“Weather when considered globally is now in uncharted territory”

The often-wild swings of natural variation could be disentangled from the intensification powered by global heating. Climate change could be detected from global weather in any single year, month or even day. No longer can climate researchers use the old escape clause, “Climate is what you expect, weather is what you get,” to explain away seeming seasonal inconsistencies.

Global heating driven by greenhouse gases released by human economic growth is now shaping the world’s daily weather, from the catastrophic heat extremes and wildfires in Australia to the uncharacteristic winter weather in Moscow.

“The fingerprint of climate change is detected from any single day in the observed global record since early 2012”, the scientists write, “and since 1999 on the basis of a year of data. Detection is robust even when ignoring the long-term global warming trend.” – Climate News Network

Expect the climate, but prepare for the weather? Not any more. The statistics spell it out: global heating is causing daily weather change.

LONDON, 6 January, 2020 – Swiss scientists have done something many of their colleagues had claimed was impossible: they have linked the random events of the daily weather change we all experience directly to the climate crisis.

It has been an axiom of climate science for decades that – although global heating would inevitably increase the likelihood of more intense or more damaging windstorms, floods, droughts or heat waves – it would not be possible to say that this or that event could not have happened the way it did without the ominous rise in global average temperature, driven by profligate use of fossil fuels.

But that no longer holds, according to a new study in the journal Nature Climate Change.

“Weather when considered globally is now in uncharted territory,” researchers write. “On the basis of a single day of globally observed temperature and moisture, we detect the fingerprint of externally driven climate change, and conclude that the earth as a whole is warming.”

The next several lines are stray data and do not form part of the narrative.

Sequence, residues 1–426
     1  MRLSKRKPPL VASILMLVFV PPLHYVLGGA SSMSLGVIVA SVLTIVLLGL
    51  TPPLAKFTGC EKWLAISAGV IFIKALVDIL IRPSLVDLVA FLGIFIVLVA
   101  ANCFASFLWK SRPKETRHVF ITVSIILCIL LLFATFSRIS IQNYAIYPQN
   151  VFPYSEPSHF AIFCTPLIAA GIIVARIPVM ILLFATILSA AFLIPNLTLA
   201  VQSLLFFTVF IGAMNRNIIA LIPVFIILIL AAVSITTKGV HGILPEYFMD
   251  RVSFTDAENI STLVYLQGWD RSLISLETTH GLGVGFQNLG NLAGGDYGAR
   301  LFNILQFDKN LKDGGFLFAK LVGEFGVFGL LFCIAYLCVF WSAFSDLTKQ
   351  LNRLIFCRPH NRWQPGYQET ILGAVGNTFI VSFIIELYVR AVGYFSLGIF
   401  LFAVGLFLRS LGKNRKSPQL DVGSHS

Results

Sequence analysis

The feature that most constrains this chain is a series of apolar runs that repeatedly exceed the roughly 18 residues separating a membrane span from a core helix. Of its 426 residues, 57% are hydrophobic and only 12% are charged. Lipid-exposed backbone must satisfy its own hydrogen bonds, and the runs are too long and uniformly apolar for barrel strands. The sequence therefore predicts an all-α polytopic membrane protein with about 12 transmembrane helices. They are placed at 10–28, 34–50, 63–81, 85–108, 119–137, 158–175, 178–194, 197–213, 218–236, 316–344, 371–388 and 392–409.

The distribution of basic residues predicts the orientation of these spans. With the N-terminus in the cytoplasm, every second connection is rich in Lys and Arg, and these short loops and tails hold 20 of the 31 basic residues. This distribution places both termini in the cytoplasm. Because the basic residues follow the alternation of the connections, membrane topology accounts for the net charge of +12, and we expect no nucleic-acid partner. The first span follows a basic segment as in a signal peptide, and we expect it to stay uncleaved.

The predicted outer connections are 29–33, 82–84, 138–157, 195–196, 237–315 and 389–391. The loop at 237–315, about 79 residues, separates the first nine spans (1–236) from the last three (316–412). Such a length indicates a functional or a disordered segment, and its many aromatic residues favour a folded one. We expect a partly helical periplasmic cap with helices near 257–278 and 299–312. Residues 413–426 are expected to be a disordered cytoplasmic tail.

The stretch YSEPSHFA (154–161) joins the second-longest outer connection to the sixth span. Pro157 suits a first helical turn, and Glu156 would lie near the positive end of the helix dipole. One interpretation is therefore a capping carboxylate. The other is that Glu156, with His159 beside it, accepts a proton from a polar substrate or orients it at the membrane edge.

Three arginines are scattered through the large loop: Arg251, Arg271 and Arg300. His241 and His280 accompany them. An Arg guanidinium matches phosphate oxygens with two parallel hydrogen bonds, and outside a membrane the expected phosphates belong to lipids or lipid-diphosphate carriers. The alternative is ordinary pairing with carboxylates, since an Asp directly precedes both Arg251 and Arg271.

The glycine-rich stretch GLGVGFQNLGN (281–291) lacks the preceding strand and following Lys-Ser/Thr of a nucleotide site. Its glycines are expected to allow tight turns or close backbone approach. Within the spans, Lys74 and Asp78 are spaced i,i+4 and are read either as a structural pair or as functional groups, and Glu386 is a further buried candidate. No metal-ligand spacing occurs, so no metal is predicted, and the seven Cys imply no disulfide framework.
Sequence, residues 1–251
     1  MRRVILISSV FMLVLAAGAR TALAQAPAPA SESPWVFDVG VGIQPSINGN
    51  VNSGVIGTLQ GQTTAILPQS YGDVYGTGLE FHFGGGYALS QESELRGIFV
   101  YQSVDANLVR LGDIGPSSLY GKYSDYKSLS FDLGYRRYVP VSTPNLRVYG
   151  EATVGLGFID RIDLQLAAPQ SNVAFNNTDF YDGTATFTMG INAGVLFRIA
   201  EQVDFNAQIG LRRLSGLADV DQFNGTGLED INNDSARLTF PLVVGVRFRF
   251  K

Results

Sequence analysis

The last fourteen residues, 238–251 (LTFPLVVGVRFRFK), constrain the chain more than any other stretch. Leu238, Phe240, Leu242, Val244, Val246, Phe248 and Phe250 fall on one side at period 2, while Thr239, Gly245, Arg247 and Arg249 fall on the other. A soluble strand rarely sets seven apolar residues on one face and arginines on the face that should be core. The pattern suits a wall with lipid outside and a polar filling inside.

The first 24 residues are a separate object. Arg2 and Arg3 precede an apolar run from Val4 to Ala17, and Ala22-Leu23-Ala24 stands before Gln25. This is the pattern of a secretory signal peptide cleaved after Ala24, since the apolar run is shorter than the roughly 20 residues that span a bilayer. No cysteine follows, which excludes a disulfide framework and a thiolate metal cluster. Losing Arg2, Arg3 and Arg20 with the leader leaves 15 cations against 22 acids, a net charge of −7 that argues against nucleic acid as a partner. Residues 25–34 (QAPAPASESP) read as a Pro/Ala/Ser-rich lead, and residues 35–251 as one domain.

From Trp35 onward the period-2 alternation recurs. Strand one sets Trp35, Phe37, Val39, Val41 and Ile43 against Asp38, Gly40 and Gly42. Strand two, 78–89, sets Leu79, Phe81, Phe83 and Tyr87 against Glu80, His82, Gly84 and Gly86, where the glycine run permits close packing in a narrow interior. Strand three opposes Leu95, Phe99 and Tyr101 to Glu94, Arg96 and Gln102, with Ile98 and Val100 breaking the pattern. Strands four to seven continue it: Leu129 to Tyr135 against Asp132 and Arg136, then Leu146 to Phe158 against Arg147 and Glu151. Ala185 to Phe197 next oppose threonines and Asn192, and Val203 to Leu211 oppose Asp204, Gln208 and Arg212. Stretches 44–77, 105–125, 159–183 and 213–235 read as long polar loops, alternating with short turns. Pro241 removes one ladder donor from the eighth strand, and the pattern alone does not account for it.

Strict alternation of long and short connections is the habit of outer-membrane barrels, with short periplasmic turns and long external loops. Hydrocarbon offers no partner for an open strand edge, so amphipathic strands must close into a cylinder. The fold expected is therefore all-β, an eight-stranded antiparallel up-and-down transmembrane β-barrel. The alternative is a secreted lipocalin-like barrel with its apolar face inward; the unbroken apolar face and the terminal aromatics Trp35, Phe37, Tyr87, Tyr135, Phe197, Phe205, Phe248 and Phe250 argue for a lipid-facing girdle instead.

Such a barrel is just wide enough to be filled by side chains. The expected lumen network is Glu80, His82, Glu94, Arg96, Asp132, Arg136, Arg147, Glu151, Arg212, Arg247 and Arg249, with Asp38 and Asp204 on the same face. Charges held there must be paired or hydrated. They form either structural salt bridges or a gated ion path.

Climate scientists and statisticians from the Swiss Federal Institute of Technology, known simply as ETH Zurich, and from a partner institute in Lausanne known as EPFL, say that the seemingly normal variations in daily weather around the world are telling a clear story – just as long as the observers look at the global picture as well as the local measurements.

Clear pattern

For instance, on the same day as the Swiss study the UK Met Office announced a set of new temperature records for Britain in the last decade. The coldest March day ever recorded was in Gwent, Wales, in March 2018, when the thermometer fell to minus 4.7°C. But during the same decade the rest of Britain experienced four new and unprecedented monthly high temperatures, including an as yet unverified high of 18.7°C late in December.

In January 2020, a village in Norway registered a high of 19°C, a whole 25 degrees above the average for the winter month. But whereas local temperatures can fluctuate wildly, the variation in global average data is very small.

The Swiss scientists combed through the daily mean temperature and rainfall and snowfall data for the years 1951 to 1980, and for 2009 to 2018. They drew bell-shaped curves for each sequence of the years and then tried to match them. Without any overall rise in average global temperatures, the two curves would cover much the same space on the graph paper. They barely overlapped.

They then used a range of sophisticated statistical techniques to make detailed sense of the information in the two patterns of decadal weather. Beyond the jargon of the statistician’s trade – the paper talks of regression coefficients and regularised linear regression models, mean squared errors and Pearson correlations – a clear pattern emerged.

“Weather when considered globally is now in uncharted territory”

The often-wild swings of natural variation could be disentangled from the intensification powered by global heating. Climate change could be detected from global weather in any single year, month or even day. No longer can climate researchers use the old escape clause, “Climate is what you expect, weather is what you get,” to explain away seeming seasonal inconsistencies.

Global heating driven by greenhouse gases released by human economic growth is now shaping the world’s daily weather, from the catastrophic heat extremes and wildfires in Australia to the uncharacteristic winter weather in Moscow.

“The fingerprint of climate change is detected from any single day in the observed global record since early 2012”, the scientists write, “and since 1999 on the basis of a year of data. Detection is robust even when ignoring the long-term global warming trend.” – Climate News Network